It’s really here: I’m in my final moments as a resident of Chicago. And I’m losing it.
I have 24 hours to tie up the move-out, then I give keys to “the gang,” a.k.a. the medical students who are soon going to be living in my home.
“Home” is a rich and achingly pretty word because within it, you have the “oh” sound, and oh, oh, oh, I am in pain.
After my divorce, I moved downtown. After all that turmoil and fear, I had to either leave Chicago forever or find a New Chicago. I chose the latter. I remember thinking, “Don’t throw the baby out, Fons. Don’t leave Chicago. You have a life here.” After living on the northside for ten years, the shift downtown was striking and did the trick: coming down here was absolutely like moving to another city but I retained my network and my knowledge of the place. Sure enough, in my New Chicago, I created an entirely new life. I had to.
I found a space that sang. A sunlit, wide-open, gem of a condo in the South Loop. It was love at first sight. When the realtor opened the door to what would become my unit (such a clinical-sounding term for a piece of my heart) I tried not to gape. Gorgeous. Wide. South-facing windows. Two bathrooms with these cool bell-jar-like light fixtures. One exposed brick wall. It was a doorman building with a rooftop deck. There was a garbage chute, too — and I dreamed of a garbage chute! There was an elevator and a mailroom and cleaners on-site. The best part: it was actually below my budget. After the darkness of my failed marriage, the impossible had happened: I was in love again.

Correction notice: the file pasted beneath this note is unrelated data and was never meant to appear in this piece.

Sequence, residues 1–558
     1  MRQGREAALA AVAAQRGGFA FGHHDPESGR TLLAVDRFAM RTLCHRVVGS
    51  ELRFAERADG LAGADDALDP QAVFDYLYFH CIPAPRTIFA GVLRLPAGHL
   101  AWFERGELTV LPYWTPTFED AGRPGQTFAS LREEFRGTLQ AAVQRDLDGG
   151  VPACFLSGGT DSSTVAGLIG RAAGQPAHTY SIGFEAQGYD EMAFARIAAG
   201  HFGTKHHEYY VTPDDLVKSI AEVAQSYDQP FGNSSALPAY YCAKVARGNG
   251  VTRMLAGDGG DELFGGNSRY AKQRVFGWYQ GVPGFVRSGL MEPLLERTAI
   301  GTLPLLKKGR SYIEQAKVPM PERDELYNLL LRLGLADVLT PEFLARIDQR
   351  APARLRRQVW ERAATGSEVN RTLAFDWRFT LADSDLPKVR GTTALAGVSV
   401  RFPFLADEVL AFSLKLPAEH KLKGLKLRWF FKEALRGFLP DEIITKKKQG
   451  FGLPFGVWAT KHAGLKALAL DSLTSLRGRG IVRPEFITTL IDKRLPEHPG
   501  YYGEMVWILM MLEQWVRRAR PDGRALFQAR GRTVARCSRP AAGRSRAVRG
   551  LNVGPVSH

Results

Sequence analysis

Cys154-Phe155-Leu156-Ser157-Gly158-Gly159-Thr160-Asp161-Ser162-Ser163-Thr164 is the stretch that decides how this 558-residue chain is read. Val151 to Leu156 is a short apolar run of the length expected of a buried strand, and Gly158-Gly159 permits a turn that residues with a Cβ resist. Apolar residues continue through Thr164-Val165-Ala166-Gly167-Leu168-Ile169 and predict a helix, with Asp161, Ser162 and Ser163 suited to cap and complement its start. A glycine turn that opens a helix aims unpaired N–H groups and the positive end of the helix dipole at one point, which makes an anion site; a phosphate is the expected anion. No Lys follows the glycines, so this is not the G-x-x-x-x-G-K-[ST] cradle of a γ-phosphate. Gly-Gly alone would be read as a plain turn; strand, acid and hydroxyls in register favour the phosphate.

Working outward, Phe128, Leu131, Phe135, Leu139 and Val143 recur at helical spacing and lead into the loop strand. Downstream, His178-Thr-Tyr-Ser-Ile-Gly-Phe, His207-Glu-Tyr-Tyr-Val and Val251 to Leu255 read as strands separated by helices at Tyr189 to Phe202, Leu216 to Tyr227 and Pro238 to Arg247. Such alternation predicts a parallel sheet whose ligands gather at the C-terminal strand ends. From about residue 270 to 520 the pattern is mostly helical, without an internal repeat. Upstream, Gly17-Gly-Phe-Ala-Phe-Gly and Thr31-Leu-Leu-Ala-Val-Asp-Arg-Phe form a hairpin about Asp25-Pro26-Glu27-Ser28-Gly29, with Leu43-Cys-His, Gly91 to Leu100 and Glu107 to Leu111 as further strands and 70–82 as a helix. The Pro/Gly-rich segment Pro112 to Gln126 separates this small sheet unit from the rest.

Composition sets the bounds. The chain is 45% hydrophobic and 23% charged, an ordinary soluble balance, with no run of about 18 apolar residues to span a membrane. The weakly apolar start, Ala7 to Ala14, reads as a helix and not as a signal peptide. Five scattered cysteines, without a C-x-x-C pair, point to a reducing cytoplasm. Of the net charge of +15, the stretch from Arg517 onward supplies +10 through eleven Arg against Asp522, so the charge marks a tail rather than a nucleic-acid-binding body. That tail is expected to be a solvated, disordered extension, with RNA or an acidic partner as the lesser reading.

One of the first things I did when I moved in was have a professional muralist paint a trompe l’oeil on the west- and south-facing walls. I wanted a faint, French drawing room panel motif over all that cream. The artist exceeded my expectations; the funny thing about art you paint on the walls, however, is that you cannot take it with you. So goodbye, mural.**
When I moved in, I had an ostomy bag. I don’t have one now, so the space saw me heal. It also saw me in grave peril last fall, when I was in the hospital every month for several months. The paramedics came for me just one time, busting in the door; usually I’d take a taxi up Michigan Avenue to Northwestern and check myself in — I even took the bus once — but that time, I was in so much pain, I couldn’t see. My home saw all that. It saw me come home thinner and depressed.
My home saw me foolish, that’s for sure. A collection of late nights, dubious houseguests, wine glasses, etc.; these are in the portfolio.
I wrote my book here. I made Quilty here. I dreamed a thousand things, made good on most of them. I fell in love here, too, and not just with the space. I mean that I fell in love here, with two different human beings. Yuri is one, and that’s all I’ll say about that.
I’m excited for New York City. Without question, saying yes to the love in my life, Yuri, this lion of a person, this force of nature, this is right. But today, as the sun glitters off the lake and the happy people of Chicago go about their merry ways, my heart is breaking. This is too hard.
I’m probably just crispy from the travel this week, emotional because dinner last night was a McDonald’s caramel sundae (long story.)
All my love, Chicago. Just know that you have it all.
* Visit my Instagram page (username: yomaryfons) for images of the mural. I’ll put them up shortly.